Welcome to Jaganta, a locality in the Lower Aragon region and outlying district of the nearby town of Las Parras de Castellote, 3 kilometres away. It is located at the head of the Las Parras Ravine, the waters of which flow into the River Guadalope. The village is reached via the road from Las Parras or from the Santolea Dam. Until the 18th century, it was named Saganta, which is probably Indo-European in origin.
The streets and squares of Jaganta invite visitors to wander slowly while soaking up the tranquillity that seeps from the walls of the buildings. The history of the place and its inhabitants can be felt with every step. Among the most interesting buildings are the old olive oil mill and the church of San Felipe y Santiago.
The olive oil mill of Jaganta, built in the 17th century and restored in 1995, is kept in perfect condition and is an excellent example of the pre-industrial process of grinding olives to obtain the highly prized oil of the Lower Aragon region.
It is a modest mud brick building with two openings in the wall for access and a single sloping roof consisting of a wooden frame, covered in a lattice of woven cane and topped with Arab-style clay tiles. A square turret rises over the rest of the edifice where press machinery is housed. Next to the entrance is a fountain and cistern, which supplied the mill with water.
The traditional machinery is preserved inside the mill. The millstone used to grind the olives was operated by animal traction, with an animal turning the mechanism to produce the olive paste, which was then sent to the press, comprising a huge beam made of six pieces of timber joined together with metal fasteners. This served as a lever that was operated with a counterweight, a huge stone that weighed 3 tonnes. Once the olive paste was pressed, hot water was poured into the base of the press to allow the oil to run easily through channels into basins, where both liquids were separated by decantation.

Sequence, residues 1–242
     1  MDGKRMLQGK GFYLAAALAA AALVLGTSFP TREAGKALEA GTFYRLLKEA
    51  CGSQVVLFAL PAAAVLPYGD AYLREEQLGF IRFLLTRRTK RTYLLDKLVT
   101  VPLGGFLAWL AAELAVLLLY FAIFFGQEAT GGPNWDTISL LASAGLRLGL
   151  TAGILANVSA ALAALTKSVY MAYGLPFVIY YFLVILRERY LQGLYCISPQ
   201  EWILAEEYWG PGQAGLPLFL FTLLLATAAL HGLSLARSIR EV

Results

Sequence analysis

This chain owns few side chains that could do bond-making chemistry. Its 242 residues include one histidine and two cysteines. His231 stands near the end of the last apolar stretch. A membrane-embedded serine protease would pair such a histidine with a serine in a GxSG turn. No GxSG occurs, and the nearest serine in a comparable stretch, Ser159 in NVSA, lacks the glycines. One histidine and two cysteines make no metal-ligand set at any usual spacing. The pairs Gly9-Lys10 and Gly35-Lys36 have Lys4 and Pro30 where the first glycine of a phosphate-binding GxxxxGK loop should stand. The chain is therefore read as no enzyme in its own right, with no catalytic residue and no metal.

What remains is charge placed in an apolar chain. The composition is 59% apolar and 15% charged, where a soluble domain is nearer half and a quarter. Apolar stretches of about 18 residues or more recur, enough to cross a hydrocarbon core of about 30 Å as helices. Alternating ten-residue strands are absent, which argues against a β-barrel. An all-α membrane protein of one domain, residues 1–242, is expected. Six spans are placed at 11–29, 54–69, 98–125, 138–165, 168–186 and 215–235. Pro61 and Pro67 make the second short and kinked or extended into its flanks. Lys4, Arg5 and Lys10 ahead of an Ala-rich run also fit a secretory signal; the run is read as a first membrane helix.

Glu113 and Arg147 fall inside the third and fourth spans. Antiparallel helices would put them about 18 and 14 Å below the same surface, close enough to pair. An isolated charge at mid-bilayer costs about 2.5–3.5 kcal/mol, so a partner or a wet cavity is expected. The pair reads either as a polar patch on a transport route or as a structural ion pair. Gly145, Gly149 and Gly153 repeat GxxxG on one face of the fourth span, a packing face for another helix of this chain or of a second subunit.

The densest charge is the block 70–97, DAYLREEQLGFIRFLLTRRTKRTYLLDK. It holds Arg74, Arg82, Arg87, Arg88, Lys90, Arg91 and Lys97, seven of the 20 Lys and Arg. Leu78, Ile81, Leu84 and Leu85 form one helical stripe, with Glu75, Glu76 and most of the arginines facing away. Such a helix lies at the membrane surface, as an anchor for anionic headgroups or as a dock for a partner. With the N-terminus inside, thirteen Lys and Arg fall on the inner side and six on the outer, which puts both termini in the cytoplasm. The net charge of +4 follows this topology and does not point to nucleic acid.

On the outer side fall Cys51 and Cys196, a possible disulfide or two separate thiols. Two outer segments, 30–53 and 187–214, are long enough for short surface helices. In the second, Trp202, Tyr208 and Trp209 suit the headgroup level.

The other large building in Jaganta is the church, dedicated to Saints Philip and James. It was built in the 18th century in the Baroque style, and the date 1742 is inscribed over the door. Built in stone, it presents the features of the elegant Baroque style, and features a beautiful doorway with pilasters flanked by stylized plant motifs.
Also striking is the old pelota court with twin arches built in 1866, next to the church, and the Fountain of the Cypresses.
Finally, on the outskirts of the village, on the road to Las Parras de Castellote, is the chapel of San Pedro Mártir. Cypresses embellish the surrounds of this building, which is plaster rendered and whitewashed. Built in 1795 in the Baroque style, it is round with a porch over the entrance, which is defined by a diminished arch.
For more information on the cultural heritage of Jaganta